Biography Of Harriet Tubman And Her Impact On The World

Imagine leading 300 slaves into the darkness, not knowing if you or they will be killed. Harriet Tubman – a black African American – shocked the world when she risked her life for her people. Harriet Tubman changed the world forever, saved the lives of those she loved, and inspired many. Araminta (Harriet’s) family history is interesting. Tubman’s mother, who was brought to America on a ship as a sultan, was sold by a Pattison-like family and given the nickname Modesty. Before 1790 she gave birth a Harriet named Rittia, but her family called it Rit. Mary Pattison was the inheritor of Rittia by 1797. Three year later, Mary married Joseph Brodess. Rittia went with Mary Brodess to her new household on March 19, 1800. He was born in 1795 according to his owner, making him younger than Tuman’s wife. Ben was born in 1795, but his master calculated that age. Ben is entitled to freedom at age forty-five. Tubman’s parents were slaves and forced to follow orders from their master. The fate of their child was determined by the chattel status.

Araminta Ross was born on a Dorchester County, County plantation around 1820. Because she was born as a slave, her exact birth year is unknown. Tubman’s parents nicknamed her “Minty”. She was born Araminta Harriet Ross. Harriet Green & Benjamin Ross were a slave pair who lived close to each other for a large part of their married lives. Like most enslaved couples, they struggled to create conditions that allowed them to live near or together. The slaves negotiated with the owners they were working for and had many different owners during their slavery. “There isn’t any evidence to prove Araminta’s birth order. She did later recall that her mother left her to take care of a child and another young brother, while she went into The Big House to cook. Tubman’s childhood was filled with hardship. Rit’s family was shattered when Brodess offered to buy Moses, Rit’s son. Rit refused, setting an excellent example for her young daughter.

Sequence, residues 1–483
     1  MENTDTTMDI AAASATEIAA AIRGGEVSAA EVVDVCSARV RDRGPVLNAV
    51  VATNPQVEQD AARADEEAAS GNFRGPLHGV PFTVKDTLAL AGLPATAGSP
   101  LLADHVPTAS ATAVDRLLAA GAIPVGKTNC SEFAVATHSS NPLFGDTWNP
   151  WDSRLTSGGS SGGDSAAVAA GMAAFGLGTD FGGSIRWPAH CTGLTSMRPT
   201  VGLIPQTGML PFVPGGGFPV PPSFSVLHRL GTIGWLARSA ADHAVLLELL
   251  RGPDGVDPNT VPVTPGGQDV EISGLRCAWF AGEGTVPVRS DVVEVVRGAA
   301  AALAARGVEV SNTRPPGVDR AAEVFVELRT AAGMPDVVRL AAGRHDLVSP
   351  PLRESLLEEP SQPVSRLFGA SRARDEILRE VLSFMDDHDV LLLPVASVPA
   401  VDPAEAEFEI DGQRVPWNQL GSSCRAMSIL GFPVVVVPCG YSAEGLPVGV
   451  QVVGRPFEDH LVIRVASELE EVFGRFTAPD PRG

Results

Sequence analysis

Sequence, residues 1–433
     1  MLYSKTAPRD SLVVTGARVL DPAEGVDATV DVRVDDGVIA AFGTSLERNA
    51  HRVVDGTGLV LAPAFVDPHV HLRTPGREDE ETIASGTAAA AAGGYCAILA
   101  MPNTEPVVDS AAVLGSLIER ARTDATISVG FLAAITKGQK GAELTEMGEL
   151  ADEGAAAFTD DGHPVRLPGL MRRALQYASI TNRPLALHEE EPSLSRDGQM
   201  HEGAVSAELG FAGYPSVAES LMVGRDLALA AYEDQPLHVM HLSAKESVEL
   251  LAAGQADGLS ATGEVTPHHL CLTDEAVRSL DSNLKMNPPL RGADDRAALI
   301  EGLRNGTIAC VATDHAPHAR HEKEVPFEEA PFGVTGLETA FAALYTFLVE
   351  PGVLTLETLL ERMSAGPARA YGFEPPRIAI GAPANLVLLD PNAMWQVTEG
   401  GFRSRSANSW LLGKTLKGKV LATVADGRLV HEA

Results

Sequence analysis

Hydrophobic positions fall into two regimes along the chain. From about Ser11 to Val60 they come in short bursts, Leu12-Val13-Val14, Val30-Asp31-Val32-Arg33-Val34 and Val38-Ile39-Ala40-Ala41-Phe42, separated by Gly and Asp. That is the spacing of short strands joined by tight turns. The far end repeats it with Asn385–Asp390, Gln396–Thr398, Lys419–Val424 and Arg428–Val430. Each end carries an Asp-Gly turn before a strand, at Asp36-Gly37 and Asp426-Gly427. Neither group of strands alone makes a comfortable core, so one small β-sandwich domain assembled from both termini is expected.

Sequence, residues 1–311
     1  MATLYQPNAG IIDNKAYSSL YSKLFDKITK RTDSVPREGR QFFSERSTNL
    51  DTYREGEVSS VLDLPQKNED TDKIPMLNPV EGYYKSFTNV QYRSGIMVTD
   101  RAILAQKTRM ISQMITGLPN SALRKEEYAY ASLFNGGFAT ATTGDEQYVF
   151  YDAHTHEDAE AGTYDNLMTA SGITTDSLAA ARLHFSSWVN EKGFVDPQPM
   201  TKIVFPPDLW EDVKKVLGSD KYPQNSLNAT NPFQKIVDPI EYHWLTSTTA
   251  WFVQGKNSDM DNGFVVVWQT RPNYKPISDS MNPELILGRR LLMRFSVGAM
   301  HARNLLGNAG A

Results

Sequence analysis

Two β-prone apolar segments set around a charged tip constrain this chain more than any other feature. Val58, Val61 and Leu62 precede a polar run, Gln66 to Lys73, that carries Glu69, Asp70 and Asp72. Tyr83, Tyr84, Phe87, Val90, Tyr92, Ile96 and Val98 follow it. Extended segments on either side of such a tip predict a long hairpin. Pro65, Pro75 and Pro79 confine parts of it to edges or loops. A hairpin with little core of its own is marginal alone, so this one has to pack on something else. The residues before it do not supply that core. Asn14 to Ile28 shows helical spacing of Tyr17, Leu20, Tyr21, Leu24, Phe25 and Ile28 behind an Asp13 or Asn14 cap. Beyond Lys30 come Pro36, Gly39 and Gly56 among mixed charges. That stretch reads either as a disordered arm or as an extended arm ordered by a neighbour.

Araminta’s life was marked by the trauma of her childhood. The terrible events that took place around her only made matters worse. “Araminta is born just a few miles from the Cannon crime ring’s headquarters. Cannons were accused in Virginia of kidnapping blacks for sale as early 1815. Tubman grew up in a world where there were abolitionists who were also kidnappers and slave catchers. Araminta, then five years old, was asked to care for a baby by a neighbor, “Miss Susan.” She was not hesitant to send her off. Araminta, a five-year-old girl, was sent to work after a day of fulfilling her mistresses’ orders. Araminta’s domestic labor had paid off by the time Araminta turned twelve. Once a fragile child, Araminta grew up to be a strong young woman. Harriet never gave up on herself, no matter how difficult her teenage years were. Araminta’s adolescence was spent hoisting flour from barrels onto carts. She began to appreciate the land where seasonal changes in flora, fauna and climate were reflected.